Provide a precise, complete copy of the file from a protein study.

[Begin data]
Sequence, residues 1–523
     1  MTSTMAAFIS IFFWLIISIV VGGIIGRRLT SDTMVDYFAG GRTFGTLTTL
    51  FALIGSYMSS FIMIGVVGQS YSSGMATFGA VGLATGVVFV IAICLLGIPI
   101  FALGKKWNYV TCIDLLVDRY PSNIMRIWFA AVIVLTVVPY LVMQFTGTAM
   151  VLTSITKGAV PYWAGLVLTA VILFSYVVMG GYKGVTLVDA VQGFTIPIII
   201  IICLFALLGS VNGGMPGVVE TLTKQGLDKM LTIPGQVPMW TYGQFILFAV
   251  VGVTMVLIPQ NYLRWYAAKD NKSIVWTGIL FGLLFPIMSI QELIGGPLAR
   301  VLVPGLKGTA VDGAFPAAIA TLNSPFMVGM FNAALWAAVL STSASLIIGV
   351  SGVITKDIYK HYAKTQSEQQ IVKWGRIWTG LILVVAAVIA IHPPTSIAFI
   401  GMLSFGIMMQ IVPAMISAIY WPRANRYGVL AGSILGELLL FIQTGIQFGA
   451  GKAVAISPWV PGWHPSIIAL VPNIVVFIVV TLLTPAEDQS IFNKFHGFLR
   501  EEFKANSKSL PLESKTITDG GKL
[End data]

Sequence, residues 1–523
     1  MTSTMAAFIS IFFWLIISIV VGGIIGRRLT SDTMVDYFAG GRTFGTLTTL
    51  FALIGSYMSS FIMIGVVGQS YSSGMATFGA VGLATGVVFV IAICLLGIPI
   101  FALGKKWNYV TCIDLLVDRY PSNIMRIWFA AVIVLTVVPY LVMQFTGTAM
   151  VLTSITKGAV PYWAGLVLTA VILFSYVVMG GYKGVTLVDA VQGFTIPIII
   201  IICLFALLGS VNGGMPGVVE TLTKQGLDKM LTIPGQVPMW TYGQFILFAV
   251  VGVTMVLIPQ NYLRWYAAKD NKSIVWTGIL FGLLFPIMSI QELIGGPLAR
   301  VLVPGLKGTA VDGAFPAAIA TLNSPFMVGM FNAALWAAVL STSASLIIGV
   351  SGVITKDIYK HYAKTQSEQQ IVKWGRIWTG LILVVAAVIA IHPPTSIAFI
   401  GMLSFGIMMQ IVPAMISAIY WPRANRYGVL AGSILGELLL FIQTGIQFGA
   451  GKAVAISPWV PGWHPSIIAL VPNIVVFIVV TLLTPAEDQS IFNKFHGFLR
   501  EEFKANSKSL PLESKTITDG GKL